6 Tips for Setting up a Freelance Writing Business

We all want more freedom and more space to do the things we most enjoy in life. If you crave breaking away from the 9-5, and writing is your thing, setting up a freelance writing business could be your dream. It can offer the flexibility of working the hours that most suit you, from any location you choose.

However, when you go freelance, you’re going into business – and if you hope to succeed, you need to be business-like in your approach from day one. Here are 6 tips to help you turn your freelance pipedream into reality.

1. Prepare financially

Switching to a freelance career or not, everyone should know their basic cost of living, or the minimum needed to cover the bills and food each week. If you are contemplating leaving a salaried job to start freelance writing, set aside extra savings (if you can) that will cover your living expenses for a period of time once you leave your job.

Alternatively, if it won’t cause issues with your employer, start your business and begin engaging in activities to build your client base before you take the leap out of employment. There are multiple avenues for finding regular writing work – we cover this topic in-depth in our freelance course, Build Your Freelance Content Writing Business.

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2. Set your business up correctly so you’re ready to trade

These are a few things to consider when setting up any business. If you’ve only ever worked as an employee, you’re likely to need to:

  • Register an ABN (Australian Business Number)
  • If you want to trade under a business name instead of your personal name, register the business name with ASIC.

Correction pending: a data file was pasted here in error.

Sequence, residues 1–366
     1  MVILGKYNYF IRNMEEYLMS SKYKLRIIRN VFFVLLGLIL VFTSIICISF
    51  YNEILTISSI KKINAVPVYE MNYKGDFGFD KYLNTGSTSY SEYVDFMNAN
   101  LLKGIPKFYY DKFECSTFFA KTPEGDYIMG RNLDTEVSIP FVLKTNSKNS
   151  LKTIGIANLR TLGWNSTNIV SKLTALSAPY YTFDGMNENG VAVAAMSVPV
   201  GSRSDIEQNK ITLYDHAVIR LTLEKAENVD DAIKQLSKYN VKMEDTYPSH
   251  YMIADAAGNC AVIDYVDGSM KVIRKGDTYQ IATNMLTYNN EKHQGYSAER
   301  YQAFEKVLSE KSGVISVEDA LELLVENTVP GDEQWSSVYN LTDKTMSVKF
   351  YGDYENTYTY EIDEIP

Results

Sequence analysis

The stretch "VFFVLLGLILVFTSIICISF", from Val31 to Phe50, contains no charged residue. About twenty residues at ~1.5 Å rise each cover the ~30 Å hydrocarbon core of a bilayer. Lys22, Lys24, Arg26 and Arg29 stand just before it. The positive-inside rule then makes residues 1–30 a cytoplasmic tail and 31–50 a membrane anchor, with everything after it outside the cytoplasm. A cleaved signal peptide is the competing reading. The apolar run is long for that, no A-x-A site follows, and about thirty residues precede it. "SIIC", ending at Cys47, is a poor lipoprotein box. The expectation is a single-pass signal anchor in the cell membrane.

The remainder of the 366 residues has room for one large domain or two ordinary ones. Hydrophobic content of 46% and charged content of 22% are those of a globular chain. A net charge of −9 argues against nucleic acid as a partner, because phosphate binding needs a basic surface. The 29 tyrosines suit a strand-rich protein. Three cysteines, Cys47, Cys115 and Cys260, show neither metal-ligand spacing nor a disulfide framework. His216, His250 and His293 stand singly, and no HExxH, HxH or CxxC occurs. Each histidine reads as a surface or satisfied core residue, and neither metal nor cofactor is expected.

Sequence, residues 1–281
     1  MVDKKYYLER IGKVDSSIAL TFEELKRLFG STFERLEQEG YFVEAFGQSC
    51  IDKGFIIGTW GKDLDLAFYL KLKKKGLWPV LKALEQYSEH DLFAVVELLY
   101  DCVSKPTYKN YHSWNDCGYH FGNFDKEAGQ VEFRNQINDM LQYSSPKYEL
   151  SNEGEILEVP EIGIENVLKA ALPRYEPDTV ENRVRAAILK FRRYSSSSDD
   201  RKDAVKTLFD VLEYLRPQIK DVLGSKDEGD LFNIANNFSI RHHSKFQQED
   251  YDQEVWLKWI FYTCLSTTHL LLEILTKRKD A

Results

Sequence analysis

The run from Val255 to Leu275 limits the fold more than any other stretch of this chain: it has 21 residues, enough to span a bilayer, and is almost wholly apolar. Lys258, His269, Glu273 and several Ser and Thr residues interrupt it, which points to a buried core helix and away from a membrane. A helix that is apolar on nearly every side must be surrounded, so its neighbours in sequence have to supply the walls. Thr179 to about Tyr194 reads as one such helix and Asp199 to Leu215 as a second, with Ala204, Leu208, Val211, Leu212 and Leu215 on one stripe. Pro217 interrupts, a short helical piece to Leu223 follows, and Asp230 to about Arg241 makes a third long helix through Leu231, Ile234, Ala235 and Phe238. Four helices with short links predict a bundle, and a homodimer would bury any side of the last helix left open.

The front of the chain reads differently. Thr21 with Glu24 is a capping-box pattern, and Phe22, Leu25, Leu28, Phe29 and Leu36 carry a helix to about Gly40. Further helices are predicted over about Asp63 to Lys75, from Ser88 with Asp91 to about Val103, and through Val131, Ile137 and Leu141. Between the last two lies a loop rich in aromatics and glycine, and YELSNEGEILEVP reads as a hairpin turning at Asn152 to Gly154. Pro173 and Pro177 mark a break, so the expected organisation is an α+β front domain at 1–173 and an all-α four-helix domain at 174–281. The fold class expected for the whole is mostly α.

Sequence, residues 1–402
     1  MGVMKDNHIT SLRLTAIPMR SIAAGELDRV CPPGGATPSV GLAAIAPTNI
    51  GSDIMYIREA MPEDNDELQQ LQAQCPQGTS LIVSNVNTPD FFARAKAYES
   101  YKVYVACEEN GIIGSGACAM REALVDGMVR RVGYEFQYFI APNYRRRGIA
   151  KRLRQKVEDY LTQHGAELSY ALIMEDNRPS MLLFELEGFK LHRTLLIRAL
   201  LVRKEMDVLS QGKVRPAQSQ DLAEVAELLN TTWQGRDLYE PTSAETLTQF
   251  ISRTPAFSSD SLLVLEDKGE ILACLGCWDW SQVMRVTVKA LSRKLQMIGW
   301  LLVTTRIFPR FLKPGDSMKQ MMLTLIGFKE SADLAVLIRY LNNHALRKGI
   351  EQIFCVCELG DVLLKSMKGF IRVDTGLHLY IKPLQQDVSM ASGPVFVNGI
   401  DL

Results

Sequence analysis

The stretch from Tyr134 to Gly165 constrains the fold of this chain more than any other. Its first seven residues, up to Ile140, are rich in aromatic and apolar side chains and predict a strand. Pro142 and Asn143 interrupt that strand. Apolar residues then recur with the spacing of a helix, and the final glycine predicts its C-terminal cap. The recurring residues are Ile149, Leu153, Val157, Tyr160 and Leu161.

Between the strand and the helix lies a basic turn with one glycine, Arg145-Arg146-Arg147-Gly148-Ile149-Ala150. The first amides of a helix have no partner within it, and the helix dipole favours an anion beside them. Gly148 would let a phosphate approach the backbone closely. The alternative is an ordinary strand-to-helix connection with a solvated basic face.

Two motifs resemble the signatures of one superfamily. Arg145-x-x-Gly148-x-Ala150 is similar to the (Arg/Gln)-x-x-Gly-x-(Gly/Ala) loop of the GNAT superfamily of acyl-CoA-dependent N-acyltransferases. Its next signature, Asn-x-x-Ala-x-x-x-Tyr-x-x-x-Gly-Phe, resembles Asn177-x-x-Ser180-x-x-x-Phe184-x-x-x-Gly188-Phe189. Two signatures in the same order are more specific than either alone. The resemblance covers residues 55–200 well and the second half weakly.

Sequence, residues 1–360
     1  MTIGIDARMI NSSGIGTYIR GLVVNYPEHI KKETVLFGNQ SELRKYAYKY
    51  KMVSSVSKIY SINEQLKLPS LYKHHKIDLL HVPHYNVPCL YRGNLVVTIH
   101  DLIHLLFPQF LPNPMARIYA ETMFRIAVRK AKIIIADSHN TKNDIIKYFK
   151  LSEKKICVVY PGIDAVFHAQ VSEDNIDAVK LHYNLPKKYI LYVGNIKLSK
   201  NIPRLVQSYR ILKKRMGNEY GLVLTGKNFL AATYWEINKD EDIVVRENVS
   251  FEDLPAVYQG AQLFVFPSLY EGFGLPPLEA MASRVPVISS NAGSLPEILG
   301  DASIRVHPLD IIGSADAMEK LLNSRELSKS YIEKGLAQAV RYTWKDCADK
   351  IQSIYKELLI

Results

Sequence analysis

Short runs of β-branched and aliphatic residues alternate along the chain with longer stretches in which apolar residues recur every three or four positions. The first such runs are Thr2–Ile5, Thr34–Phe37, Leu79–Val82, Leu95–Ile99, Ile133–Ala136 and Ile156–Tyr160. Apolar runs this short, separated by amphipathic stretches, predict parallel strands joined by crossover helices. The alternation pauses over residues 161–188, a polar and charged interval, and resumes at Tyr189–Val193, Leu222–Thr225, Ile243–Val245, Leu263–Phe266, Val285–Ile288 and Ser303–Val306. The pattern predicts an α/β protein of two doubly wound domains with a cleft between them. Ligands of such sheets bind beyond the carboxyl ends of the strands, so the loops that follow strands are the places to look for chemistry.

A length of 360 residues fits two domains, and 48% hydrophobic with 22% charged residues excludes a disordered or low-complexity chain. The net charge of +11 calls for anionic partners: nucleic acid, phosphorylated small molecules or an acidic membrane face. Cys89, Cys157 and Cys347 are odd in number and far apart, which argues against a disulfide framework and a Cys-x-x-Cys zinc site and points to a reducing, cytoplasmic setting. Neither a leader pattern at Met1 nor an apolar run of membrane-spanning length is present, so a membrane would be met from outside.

• Register a domain name;
  • Speak to an accountant about business structure and tax issues relevant to your circumstances;
  • Set up a website and social channels

3. Protect yourself

Agreements and contracts don’t just cover you if a client situation turns awry; they help to clarify expectations on either side – by setting out what you will supply and what the client can expect. They minimise the risk of misunderstandings and disputes. Decide how you will go about making agreements for copywriting work with your clients and either create your own templates or have a lawyer do it for you.  We talk in-depth about content proposals, terms and conditions in our freelance course. There’s also a helpful guide for freelance copywriters online at Legal123.

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4. Have a backup plan

At this stage, it’s important to have a backup plan in case things don’t pan out quite the way you expected. In an ideal world, we would reach every goal the first time we try, however life isn’t that simple. If you’re leaving a stable income, have a back up plan and decide on the circumstances when it would be time to find employment if you aren’t finding enough regular freelance work. A solution could be taking up a part time job while you continue your efforts to establish a stable client base.

Whatever set back you experience, don’t give up – consider it a valuable lesson that will help you build a stronger business.

5. Build a portfolio

Start creating a digital portfolio to showcase your work. If you have articles featured anywhere online, ask your clients’ permission to post them up via a link to their website. For work not published online, create a PDF portfolio, or use a document creation platform to create a visually attractive portfolio of your work.

6. Garner social proof

Customers frequently make purchase decisions based on testimonials, reviews, referrals and recommendations, which is why it’s vital to add social proof in every place where a sales decision is made. This includes your ‘about’ or bio page, and on social media. Don’t bunch every review in a ‘testimonials’ section where prospective clients might not look.

We cover every step of turning your freelance pipedream into reality in our Build Your Freelance Content Writing Business online course. Receive 20% off when you subscribe to our Freelance Life Newsletter first – we’ve placed all the details here.

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